"I don't watch the replays," Trembley said, raising his voice. "I don't need to watch the replays. I don't need to watch the replay of [Red Sox second baseman Dustin] Pedroia tagging out [Orioles outfielder Felix] Pie at second base with the ball in his hand and his glove. I don't need to watch a replay of [Red Sox catcher Jason] Varitek taking a check swing on strike three and then calling ball four. I haven't slept in a week. They're talking to me about watching the replays? I don't need to watch replays."
When asked if he's expecting to hear from the Commissioner's office for his antics on the field, he nodded.
"Oh, I'm sure I will, because I threw my hat and I got it dirty," Trembley said. "So what, you know? They made a mistake. People need to be accountable when they make a mistake. All I want is for somebody to say, 'I made a mistake. I didn't get it right.' Don't cover for one another. We're big boys here, you know?
"And the last thing I know, I get all this innuendo about, 'Well, this team doesn't play hard,' 'This team doesn't do that,' 'Trembley's passive,' this and that. People have no idea what I do when the doors are closed here. I don't call anybody out in front of the public. But one thing I will not tolerate is somebody telling me my team doesn't play hard. Or Reimold didn't run hard when I know better. And that kind of set me off a little bit, and so, hey, that's the way it goes. That's the way it goes."
And when asked what happened when he was thrown out in his third ejection of the season, Trembley copped to committing another no-no.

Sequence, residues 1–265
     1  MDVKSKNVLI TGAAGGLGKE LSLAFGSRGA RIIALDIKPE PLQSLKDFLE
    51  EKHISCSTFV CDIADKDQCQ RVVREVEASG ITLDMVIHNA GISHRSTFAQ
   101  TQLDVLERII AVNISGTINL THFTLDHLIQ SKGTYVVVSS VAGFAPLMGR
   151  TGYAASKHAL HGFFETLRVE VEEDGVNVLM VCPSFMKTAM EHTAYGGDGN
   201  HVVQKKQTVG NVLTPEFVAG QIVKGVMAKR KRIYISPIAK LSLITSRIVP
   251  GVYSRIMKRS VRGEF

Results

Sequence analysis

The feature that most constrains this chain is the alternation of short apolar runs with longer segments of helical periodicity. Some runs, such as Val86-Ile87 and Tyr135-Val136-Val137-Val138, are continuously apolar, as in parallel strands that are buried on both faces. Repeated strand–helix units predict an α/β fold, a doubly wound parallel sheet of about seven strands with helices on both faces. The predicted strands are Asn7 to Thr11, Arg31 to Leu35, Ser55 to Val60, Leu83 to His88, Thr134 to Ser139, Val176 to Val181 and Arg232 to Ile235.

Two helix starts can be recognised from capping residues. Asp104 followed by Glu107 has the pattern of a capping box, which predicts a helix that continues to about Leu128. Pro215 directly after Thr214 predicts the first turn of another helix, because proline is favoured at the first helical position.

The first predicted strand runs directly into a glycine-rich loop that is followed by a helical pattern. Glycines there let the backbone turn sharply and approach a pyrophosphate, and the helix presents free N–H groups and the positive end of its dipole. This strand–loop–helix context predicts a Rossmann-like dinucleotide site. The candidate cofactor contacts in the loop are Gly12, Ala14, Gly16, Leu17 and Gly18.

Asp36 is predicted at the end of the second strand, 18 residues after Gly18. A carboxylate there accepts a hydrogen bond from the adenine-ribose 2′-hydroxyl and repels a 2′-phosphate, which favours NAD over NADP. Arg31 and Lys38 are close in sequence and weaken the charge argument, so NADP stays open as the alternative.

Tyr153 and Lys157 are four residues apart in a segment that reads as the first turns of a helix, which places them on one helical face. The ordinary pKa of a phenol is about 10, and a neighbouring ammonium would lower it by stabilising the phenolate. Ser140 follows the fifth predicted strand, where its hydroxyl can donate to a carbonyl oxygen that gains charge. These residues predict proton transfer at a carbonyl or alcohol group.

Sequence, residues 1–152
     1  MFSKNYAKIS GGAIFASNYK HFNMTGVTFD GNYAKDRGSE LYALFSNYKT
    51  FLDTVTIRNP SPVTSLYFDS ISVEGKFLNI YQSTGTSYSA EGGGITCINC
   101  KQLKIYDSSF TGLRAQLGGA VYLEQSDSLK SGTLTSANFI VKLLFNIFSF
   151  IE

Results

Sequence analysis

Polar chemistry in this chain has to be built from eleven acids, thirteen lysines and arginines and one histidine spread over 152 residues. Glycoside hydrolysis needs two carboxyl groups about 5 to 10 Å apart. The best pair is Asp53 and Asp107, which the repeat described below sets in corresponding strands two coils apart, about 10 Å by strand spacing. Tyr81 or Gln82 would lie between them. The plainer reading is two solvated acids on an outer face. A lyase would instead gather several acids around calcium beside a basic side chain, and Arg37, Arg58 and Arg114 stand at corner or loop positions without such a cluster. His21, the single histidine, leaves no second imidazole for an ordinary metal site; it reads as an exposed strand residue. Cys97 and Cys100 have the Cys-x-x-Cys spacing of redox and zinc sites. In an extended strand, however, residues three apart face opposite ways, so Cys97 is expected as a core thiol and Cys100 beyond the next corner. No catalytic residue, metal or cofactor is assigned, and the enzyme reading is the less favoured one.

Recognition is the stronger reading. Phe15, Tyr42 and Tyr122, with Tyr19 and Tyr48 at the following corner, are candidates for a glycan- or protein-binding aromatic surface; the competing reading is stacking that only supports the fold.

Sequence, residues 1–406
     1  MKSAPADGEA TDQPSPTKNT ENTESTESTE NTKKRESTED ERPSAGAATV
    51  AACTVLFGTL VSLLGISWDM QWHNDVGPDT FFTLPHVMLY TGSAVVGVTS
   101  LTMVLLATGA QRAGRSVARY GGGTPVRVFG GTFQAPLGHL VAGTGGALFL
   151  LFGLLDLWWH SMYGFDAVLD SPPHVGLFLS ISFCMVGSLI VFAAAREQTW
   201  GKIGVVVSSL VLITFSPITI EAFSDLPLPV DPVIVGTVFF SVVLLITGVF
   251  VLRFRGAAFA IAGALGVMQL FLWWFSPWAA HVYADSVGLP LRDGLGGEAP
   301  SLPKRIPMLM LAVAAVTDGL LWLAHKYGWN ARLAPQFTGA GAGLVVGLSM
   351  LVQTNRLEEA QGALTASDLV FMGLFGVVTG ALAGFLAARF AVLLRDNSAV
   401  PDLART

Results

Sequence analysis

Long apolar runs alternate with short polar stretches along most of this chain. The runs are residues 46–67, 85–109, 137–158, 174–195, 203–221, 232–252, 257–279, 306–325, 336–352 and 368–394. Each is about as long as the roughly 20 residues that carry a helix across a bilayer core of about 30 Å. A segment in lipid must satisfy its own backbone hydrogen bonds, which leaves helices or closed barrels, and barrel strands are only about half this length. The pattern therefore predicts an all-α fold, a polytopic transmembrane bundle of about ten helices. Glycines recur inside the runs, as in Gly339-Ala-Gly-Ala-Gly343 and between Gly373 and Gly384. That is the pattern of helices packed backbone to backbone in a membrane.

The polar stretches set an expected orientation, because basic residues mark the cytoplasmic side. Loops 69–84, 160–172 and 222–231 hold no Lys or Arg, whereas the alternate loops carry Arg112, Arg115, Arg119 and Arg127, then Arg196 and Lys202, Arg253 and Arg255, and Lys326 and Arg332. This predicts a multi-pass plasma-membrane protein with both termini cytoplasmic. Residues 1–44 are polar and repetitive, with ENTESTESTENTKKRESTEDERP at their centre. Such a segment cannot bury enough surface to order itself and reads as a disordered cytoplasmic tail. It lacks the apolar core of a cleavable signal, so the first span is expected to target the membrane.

"In [the clubhouse on TV], you get a 10-second delay, and that's why I had to get out to the runway, so I can get it live, and hide behind the cop, who was real nice and let me stand behind him so I could get a good look in the dugout," Trembley said.
"You know, I stood behind the King County Sheriff for the whole game. I'll be honest with you. I'll tell you the honest-goodness truth. I stood behind the King County Sheriff, right behind him in the dugout, and he let me watch it.
"And every once in a while he screened it for me like a pick in basketball so nobody could see me. I didn't have my hat on or my glasses on. I had my shower shoes on, didn't have a top on. I watched the whole game from down there and then Kranny [pitching coach Rick Kranitz] was asking me, 'What do you think about that?' 'Well, don't let [reliever Mark] Hendrickson go back out there any longer. He's done. Put [reliever Matt] Albers in. You know, I think we need to put this guy in. Let's go from there.'
"You laugh, you think I'm funny. You have no idea what I've gone through. No idea. I can't talk for a week now, my hat is a mess. That's OK. We won the game. We got some big hits when it counted and the guys played well."
Scott, who drove in a career-high seven runs in the Orioles' 12-4 win, said he appreciated his manager's support and understood his arguing.
"He had every right to," Scott said. "He was in the right. Especially when we're struggling, it cost us a big run. It could have been a big run. It's frustrating, especially when things aren't going well. You want to fight for everything that's yours. All we can ask for as players and managers in this game is fair treatment.
"You've got to understand that umpires are human and are going to make mistakes. But we've still got to go out and battle for fair treatment."